Especially helpful are exercises that are focussed on a theme or topic as these provide word retention practise so you can be confident to read, write, speak and listen successfully. We have many activities to get your English up to speed in no time.

Customs and Traditions explores how we celebrate our cultural identity across the globe.

Entertainment and Leisure explores how we spent our free time.

Environment and Nature explores the way humans and animals live, adapt and change on our planet.

Exploring how different societies create roles for people to develop their skills and knowledge.

Exploring how we learn and adjust to the world around us. .

Exploring how we experience the world through our life journeys

The more words you encounter and understand, the broader your day-to-day vocabulary will become. Our word games and puzzles such as our films word search are an excellent way to help to reinforce spellings in your mind.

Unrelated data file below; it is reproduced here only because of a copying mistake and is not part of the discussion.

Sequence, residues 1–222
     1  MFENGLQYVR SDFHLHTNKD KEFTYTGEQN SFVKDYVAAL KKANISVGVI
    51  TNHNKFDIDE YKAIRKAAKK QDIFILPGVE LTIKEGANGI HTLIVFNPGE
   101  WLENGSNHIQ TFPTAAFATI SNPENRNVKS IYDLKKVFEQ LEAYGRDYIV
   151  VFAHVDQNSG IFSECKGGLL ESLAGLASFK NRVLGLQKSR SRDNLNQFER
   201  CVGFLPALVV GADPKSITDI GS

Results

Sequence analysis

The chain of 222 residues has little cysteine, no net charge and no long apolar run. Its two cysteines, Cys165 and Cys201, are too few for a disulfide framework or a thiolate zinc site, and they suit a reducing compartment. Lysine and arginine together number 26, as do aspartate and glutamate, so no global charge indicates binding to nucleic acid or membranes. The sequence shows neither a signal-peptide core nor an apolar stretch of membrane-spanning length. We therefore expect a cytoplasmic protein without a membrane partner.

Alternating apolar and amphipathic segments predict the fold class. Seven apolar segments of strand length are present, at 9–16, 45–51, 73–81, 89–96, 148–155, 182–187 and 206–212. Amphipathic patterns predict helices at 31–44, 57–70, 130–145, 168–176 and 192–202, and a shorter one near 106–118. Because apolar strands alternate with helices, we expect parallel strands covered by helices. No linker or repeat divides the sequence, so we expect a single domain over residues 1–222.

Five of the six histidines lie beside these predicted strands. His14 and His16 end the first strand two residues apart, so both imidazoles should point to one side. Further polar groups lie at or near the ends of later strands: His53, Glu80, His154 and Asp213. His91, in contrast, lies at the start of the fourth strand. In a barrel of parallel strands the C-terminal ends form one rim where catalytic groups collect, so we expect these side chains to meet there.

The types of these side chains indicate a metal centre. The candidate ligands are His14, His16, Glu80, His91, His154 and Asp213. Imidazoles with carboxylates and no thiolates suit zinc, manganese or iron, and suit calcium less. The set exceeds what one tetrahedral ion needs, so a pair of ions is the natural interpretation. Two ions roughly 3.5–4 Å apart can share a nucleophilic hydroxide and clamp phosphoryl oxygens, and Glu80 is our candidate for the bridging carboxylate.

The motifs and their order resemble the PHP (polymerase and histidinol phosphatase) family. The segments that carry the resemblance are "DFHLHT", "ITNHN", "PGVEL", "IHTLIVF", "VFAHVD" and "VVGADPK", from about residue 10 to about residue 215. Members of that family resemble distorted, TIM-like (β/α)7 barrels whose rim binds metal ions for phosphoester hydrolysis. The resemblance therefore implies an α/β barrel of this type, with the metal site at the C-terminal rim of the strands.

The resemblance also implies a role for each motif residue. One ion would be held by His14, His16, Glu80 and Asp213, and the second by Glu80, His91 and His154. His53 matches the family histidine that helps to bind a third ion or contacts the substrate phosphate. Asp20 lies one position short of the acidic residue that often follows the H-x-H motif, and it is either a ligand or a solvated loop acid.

Level Links:
This free material is for students at an Upper Intermediate Level of English. This will probably be suitable for students in their third or fourth year of English studies. We add exercises on grammar and vocabulary as well as whole text activities on a regular basis. In addition, we provide test practice activity for students who are preparing for the C1 Advanced which is part of the Cambridge Assessment English Main Suite as well as the English Language B for the IB Diploma. The material will also support students studying for the Cambridge Advanced courses and IELTS examinations.

We also provide free resources across the full range of levels to provide the tools to communicate in English well.